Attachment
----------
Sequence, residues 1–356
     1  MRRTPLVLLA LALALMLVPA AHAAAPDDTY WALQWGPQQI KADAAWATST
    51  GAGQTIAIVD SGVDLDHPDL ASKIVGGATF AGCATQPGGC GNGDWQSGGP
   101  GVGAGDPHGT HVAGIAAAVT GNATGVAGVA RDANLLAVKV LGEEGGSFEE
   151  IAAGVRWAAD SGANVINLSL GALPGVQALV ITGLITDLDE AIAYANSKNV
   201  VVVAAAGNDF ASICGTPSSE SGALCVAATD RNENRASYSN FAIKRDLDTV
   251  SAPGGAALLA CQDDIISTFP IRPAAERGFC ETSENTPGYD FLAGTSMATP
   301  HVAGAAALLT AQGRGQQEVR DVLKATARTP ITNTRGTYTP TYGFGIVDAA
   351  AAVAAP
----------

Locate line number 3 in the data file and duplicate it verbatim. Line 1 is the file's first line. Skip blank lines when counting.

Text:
    51  GAGQTIAIVD SGVDLDHPDL ASKIVGGATF AGCATQPGGC GNGDWQSGGP